How do I represent "the file previous to this one" in Korn Shell?
November 22, 2005 5:09 PM   Subscribe

Korn Shell Filter: I have a list of time ordered files, with Julian day of year as part of the filename. There is not a file for every Julian day. If I grep on a directory listing for file *{DOY}*, and that file does not exist, I would like my script to be smart enough to use the file immediately preceding it in the listing, even if the preceding file is not *{DOY-1}*. My Google-Fu has failed me. Any suggestions?
posted by Fat Guy to Computers & Internet (9 answers total)
 
I'm no korn shell expert. I suspect there is an easier way, but any reason you can't just count backwards until you find a file?

Personally I'd probably use a more advanced scripting language.
posted by RustyBrooks at 5:40 PM on November 22, 2005


Here's a suggestion. Do two things: if the file XXX{DOY}XXX exists then you're fine, just go ahead and use the file. If the file XXX{DOY}XXX does not exist, then touch XXX{DOY}XXX, then look for the file preceding it in the directory listing, remove XXX{DOY}XXX and then then use the file you found preceding it.
posted by rdr at 5:45 PM on November 22, 2005


I don't think ksh can do math on its own. What you need is expr. Any unix system should come with it.
posted by b1tr0t at 5:55 PM on November 22, 2005


Use sed for the string handling:
f=`ls "$dir" | sed "/$doy/!d;q"`
if [ "$f" = "" ] ; then
  f=`ls "$dir" | sed "/$doy/,$d" | tail -1`
fi
if [ "$f" = "" ] ; then
  echo "no file on or before $doy" >&2
  exit 1
fi

You should also be able to combine that tail with the preceding sed but I couldn't get that working in the few minutes I had.

Also, you may have to play with the /$doy/ pattern if you want to make sure that if you're checking for, say, the 10th day of the year that you don't accidentally match the 100th (or 101st, 102nd, …)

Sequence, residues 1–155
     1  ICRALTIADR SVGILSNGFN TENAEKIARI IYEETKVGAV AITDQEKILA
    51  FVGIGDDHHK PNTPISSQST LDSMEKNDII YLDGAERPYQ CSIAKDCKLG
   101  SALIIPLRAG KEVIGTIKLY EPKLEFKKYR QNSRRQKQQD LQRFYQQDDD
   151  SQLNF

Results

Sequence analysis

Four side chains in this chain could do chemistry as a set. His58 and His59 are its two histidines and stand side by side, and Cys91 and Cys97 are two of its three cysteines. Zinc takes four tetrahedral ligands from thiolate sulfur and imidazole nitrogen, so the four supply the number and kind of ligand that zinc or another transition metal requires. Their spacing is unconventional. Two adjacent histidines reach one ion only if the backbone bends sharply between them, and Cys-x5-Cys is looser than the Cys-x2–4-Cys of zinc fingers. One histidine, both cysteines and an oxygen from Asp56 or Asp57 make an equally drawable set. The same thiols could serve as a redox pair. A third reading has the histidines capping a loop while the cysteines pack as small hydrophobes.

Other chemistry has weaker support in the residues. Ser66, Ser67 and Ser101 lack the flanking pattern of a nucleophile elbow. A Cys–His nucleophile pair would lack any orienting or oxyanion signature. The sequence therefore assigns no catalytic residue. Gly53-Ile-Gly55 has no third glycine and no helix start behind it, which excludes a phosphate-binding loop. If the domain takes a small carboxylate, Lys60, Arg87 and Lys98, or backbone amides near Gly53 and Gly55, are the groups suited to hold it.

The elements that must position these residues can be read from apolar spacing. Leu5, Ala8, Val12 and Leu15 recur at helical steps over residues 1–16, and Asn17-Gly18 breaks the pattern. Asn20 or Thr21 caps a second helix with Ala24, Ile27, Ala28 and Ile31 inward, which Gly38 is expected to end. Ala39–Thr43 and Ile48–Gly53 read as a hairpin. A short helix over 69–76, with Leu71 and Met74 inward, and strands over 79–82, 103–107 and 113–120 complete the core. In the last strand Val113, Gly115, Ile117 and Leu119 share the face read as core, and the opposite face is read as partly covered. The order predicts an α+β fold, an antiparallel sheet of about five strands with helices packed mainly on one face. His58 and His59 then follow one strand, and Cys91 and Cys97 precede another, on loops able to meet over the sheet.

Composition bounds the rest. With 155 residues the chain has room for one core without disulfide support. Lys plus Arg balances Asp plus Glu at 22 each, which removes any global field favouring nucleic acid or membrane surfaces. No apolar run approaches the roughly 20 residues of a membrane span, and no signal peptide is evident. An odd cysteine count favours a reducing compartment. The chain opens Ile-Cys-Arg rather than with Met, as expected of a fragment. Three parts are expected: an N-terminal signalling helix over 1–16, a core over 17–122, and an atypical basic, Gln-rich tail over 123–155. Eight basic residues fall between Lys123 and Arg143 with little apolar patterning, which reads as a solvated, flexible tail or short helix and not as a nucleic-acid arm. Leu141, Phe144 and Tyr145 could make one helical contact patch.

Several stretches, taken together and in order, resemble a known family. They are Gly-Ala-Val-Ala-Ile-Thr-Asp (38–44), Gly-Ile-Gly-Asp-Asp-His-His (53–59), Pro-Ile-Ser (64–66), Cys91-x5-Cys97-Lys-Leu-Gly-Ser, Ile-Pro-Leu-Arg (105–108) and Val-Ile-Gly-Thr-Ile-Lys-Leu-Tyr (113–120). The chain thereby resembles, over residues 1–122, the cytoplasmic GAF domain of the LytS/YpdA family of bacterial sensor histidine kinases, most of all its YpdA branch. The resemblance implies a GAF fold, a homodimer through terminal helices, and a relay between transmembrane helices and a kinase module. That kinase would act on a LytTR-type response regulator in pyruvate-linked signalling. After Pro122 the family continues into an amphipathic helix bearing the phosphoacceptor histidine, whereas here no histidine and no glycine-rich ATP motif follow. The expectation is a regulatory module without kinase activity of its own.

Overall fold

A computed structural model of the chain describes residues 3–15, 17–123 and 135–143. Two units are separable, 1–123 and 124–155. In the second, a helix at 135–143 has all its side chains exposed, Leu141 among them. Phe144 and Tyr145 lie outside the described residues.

posted by rjt at 5:56 PM on November 22, 2005


Haven't tried this, but what about something like this (assuming DOY is already set and $file points to the filename):


while ([ -e $file ]); do
(( DOY=$DOY-1 ))
file="whatever*\{$DOY\}*whatever"
done

echo "file found: $file"

posted by aberrant at 5:57 PM on November 22, 2005


If the file XXX{DOY}XXX does not exist, touch XXX{DOY}XXX, then look for the file preceding it in the directory listing

I like rdr's answer best. To easily get the preceding file in that case, at least if you have gnu grep, just "ls files | grep -B 1 XXX | head -1"
posted by sfenders at 6:58 PM on November 22, 2005


Any reason you're not using a regexp in ksh to solve this problem?
posted by Ethereal Bligh at 2:13 AM on November 23, 2005


Sorry it took me a while to get back to this post. Thanks everybody for your help. Lots of good advice in this thread.
posted by Fat Guy at 12:06 PM on December 1, 2005


Also the reason I am using ksh is that is what we have at work. I assumed that was the only shell installed on our system. All of our scripts are written in ksh.
posted by Fat Guy at 12:12 PM on December 1, 2005


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